27 June 2012

East Africa Insurance Regulators Launch Integration of Laws

EAST African insurance industry regulators are scheduled to meet next week to discuss the progress in insurance laws harmonization, Ugandan Insurance Regulatory Authority CEO Alhaj Ibrahim Lubega has said. Lubega who is also the chairman of the East Africa Insurance Supervisory Association said a consultant to help regulators with the law harmonization has been appointed and has recently settled down at the EAC secretariat in Arusha to begin his assessment of the industry. "As the East African Supervisory association the members have already done peer review and a report based on this review is ready. We shall soon meet with the consultant to share with him our thoughts on the harmonization," Lubega revealed.

He was speaking during the second annual Africa insurance and reinsurance conference that begun in Nairobi yesterday. Lubaga said that the consultant has been given one year to work on proposals and issue a report in quarter one 2013 after which real work on the harmonization of the laws may begin. The region will next week mark two years since the common market protocol came into force even though benefits of the wider market are yet to be fully realized because of conflicting country laws.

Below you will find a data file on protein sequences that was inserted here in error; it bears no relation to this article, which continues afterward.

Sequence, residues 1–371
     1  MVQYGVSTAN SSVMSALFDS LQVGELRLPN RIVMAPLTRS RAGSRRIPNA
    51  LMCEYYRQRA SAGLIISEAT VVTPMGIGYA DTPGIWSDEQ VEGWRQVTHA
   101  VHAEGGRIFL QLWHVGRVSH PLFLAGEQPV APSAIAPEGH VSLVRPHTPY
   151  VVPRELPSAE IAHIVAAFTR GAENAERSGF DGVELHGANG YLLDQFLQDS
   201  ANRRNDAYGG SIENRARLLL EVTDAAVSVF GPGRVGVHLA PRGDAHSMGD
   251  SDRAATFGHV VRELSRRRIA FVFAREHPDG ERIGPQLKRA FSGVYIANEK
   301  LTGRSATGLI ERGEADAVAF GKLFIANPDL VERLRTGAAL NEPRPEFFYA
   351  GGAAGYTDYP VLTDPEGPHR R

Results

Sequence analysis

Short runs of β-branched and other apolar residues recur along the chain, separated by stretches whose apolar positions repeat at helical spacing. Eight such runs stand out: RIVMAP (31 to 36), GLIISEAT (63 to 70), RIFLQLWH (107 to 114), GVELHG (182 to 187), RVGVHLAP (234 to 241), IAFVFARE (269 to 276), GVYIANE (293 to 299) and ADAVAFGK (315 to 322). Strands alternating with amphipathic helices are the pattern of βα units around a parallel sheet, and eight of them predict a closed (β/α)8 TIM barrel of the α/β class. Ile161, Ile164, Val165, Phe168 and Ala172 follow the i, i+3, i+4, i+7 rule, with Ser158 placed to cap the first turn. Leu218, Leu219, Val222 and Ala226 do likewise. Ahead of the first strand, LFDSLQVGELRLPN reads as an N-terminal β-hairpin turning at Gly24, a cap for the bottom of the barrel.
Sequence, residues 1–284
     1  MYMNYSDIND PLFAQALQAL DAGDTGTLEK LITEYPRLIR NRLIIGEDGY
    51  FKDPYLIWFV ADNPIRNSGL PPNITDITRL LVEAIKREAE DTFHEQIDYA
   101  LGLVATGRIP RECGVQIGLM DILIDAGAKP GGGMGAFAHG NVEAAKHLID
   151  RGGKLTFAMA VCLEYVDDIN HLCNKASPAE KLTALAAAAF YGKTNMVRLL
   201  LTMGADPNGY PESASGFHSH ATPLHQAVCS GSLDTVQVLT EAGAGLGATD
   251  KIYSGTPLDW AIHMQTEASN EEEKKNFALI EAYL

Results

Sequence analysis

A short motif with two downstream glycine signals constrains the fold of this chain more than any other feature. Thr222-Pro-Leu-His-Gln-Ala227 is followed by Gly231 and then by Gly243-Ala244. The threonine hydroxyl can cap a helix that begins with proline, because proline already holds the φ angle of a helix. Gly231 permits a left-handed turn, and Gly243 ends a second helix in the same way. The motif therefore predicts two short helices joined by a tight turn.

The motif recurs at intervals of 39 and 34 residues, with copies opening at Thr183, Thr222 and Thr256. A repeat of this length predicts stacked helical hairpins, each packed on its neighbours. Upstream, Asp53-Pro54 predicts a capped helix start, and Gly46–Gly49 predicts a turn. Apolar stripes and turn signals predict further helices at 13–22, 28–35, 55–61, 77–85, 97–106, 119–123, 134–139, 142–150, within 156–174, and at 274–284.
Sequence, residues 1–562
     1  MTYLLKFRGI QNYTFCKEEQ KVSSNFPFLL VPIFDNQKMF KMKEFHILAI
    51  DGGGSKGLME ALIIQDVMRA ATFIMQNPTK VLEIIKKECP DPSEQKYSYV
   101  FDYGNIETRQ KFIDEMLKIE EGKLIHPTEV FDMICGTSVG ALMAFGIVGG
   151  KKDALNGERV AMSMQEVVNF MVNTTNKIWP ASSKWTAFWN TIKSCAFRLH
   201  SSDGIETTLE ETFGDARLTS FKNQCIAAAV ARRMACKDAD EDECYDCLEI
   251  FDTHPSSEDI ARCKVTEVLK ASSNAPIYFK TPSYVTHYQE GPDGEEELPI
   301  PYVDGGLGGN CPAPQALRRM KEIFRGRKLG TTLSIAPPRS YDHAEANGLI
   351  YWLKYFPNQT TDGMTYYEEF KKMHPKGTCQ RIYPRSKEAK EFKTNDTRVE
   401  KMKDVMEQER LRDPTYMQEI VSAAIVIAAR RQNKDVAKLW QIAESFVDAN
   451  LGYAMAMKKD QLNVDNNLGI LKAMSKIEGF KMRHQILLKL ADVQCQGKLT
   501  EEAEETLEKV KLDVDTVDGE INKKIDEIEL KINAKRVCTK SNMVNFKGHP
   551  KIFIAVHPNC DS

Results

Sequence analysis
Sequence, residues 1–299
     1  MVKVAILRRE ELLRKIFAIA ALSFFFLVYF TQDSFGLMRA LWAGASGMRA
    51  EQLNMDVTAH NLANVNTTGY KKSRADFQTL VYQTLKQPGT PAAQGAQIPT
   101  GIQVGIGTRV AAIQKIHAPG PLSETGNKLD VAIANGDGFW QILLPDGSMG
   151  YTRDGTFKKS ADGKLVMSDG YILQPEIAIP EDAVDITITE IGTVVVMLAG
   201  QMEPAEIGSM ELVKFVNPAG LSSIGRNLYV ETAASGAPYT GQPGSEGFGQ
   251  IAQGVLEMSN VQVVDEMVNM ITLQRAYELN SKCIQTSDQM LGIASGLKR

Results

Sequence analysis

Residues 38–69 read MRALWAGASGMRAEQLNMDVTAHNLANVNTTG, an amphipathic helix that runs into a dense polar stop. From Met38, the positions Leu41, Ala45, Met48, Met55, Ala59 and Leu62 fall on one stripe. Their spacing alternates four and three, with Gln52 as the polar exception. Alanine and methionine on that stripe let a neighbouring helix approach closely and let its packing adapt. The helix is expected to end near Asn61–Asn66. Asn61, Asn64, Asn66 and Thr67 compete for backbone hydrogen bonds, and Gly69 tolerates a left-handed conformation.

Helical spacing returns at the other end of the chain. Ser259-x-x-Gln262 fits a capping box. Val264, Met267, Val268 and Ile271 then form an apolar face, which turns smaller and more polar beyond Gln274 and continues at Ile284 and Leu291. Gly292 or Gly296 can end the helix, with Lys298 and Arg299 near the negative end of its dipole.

Brian Kapito a senior manager at Nico Insurance a giant firm with operations in six african countries among them Tanzania and Zambia noted that conflicting industry laws among countries was hampering growth of the industry in the continent. "Each country has its own set of rules on work permit, different liability limits, requirement for qualifications, capital requirements and legislation," Kapito told delegates at the conference. "If say you have a Malawian insurance cover, it won't be accepted in Zambia or Zimbabwe."

Speakers at the conference also called for recapitalization, improved regulatory functions and human capital to drive growth in the industry. Lubega on his part called on insurance firms to venture into new business areas to widen the market. "Like in Uganda there is lack of insurance targeting agriculture yet it is the source of employment for 80 per cent of the population," noted Lubega. The two day conference is scheduled to end today.

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